What Future for Human Rights? Decision-making by algorithm

Veronika Fikfak is an Associate Professor at the University of Copenhagen, where she is leading the ERC Project Human Rights Nudge team (ERC 803891), which looks at how and when states change their behaviour in response to ECtHR judgments. We use computational methods to analyse large datasets of ECtHR case law and follow up processes before the Committee of Ministers. We then apply behavioural insights to understand behaviour of individuals, institutions and states.

The President of the European Court of Human Rights, Robert Spano, recently announced that the Court was looking into introducing algorithmic decision-making to help with new applications coming to the Court. In a speech to the German Marshall Fund of the United States, Spano said:

We have throughout the last decade been introducing reforms and one of them, certainly, is the use of information technology. We are now in a phase where we are looking at to what extent we can, for example, at the registration phase introduce algorithmic or automated decision making so as to try and reduce the extent to which this classical registration phase has to all be done manually. … When it is done, we can use the data introduced into the system in a more effective manner. But I do think moving to the future a mass, a bulk case court like ours will slowly start introducing algorithmic tools to facilitate its tasks.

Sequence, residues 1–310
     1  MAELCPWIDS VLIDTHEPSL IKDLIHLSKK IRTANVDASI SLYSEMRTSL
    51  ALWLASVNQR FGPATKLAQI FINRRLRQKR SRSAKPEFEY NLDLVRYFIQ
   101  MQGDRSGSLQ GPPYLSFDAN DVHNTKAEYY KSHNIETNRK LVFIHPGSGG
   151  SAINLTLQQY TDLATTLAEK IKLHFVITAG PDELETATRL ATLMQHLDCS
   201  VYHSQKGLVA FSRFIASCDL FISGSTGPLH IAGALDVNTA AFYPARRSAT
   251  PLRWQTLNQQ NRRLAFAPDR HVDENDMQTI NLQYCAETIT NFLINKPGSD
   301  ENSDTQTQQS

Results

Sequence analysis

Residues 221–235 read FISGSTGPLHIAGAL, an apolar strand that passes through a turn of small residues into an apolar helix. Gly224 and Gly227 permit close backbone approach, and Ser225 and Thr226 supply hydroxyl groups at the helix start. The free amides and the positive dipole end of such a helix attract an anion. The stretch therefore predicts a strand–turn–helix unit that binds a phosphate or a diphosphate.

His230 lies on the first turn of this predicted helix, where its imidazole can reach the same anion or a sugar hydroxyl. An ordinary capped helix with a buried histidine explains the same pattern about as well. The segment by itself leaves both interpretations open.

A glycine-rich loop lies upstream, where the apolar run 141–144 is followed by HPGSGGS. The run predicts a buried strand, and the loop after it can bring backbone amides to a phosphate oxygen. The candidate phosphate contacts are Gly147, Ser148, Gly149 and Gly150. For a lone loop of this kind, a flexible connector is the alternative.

(see min. 16 and onwards)
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